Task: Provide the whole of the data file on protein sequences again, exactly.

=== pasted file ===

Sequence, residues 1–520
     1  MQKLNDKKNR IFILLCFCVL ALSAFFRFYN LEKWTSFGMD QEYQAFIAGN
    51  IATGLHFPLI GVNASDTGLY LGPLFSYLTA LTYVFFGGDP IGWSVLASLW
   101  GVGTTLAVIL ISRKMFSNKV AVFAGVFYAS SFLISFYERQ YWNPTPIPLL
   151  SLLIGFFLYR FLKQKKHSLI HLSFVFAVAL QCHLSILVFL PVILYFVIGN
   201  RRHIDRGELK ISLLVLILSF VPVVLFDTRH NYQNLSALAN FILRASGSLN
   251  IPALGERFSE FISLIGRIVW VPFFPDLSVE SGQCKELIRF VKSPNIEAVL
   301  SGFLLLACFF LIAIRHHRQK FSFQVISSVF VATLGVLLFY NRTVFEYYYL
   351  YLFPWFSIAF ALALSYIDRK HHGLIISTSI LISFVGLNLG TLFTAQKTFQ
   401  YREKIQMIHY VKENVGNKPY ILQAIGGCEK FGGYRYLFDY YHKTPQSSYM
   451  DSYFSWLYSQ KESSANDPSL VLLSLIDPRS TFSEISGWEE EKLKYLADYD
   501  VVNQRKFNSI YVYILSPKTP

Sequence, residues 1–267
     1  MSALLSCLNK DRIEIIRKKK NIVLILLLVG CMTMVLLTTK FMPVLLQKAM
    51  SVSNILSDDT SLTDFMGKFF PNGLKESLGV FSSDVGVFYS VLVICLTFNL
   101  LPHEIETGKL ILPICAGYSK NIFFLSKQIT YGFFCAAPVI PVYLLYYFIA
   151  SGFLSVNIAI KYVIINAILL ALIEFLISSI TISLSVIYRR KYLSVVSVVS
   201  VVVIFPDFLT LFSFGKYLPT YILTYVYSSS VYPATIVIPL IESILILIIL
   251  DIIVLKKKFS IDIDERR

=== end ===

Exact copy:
Sequence, residues 1–520
     1  MQKLNDKKNR IFILLCFCVL ALSAFFRFYN LEKWTSFGMD QEYQAFIAGN
    51  IATGLHFPLI GVNASDTGLY LGPLFSYLTA LTYVFFGGDP IGWSVLASLW
   101  GVGTTLAVIL ISRKMFSNKV AVFAGVFYAS SFLISFYERQ YWNPTPIPLL
   151  SLLIGFFLYR FLKQKKHSLI HLSFVFAVAL QCHLSILVFL PVILYFVIGN
   201  RRHIDRGELK ISLLVLILSF VPVVLFDTRH NYQNLSALAN FILRASGSLN
   251  IPALGERFSE FISLIGRIVW VPFFPDLSVE SGQCKELIRF VKSPNIEAVL
   301  SGFLLLACFF LIAIRHHRQK FSFQVISSVF VATLGVLLFY NRTVFEYYYL
   351  YLFPWFSIAF ALALSYIDRK HHGLIISTSI LISFVGLNLG TLFTAQKTFQ
   401  YREKIQMIHY VKENVGNKPY ILQAIGGCEK FGGYRYLFDY YHKTPQSSYM
   451  DSYFSWLYSQ KESSANDPSL VLLSLIDPRS TFSEISGWEE EKLKYLADYD
   501  VVNQRKFNSI YVYILSPKTP

Sequence, residues 1–267
     1  MSALLSCLNK DRIEIIRKKK NIVLILLLVG CMTMVLLTTK FMPVLLQKAM
    51  SVSNILSDDT SLTDFMGKFF PNGLKESLGV FSSDVGVFYS VLVICLTFNL
   101  LPHEIETGKL ILPICAGYSK NIFFLSKQIT YGFFCAAPVI PVYLLYYFIA
   151  SGFLSVNIAI KYVIINAILL ALIEFLISSI TISLSVIYRR KYLSVVSVVS
   201  VVVIFPDFLT LFSFGKYLPT YILTYVYSSS VYPATIVIPL IESILILIIL
   251  DIIVLKKKFS IDIDERR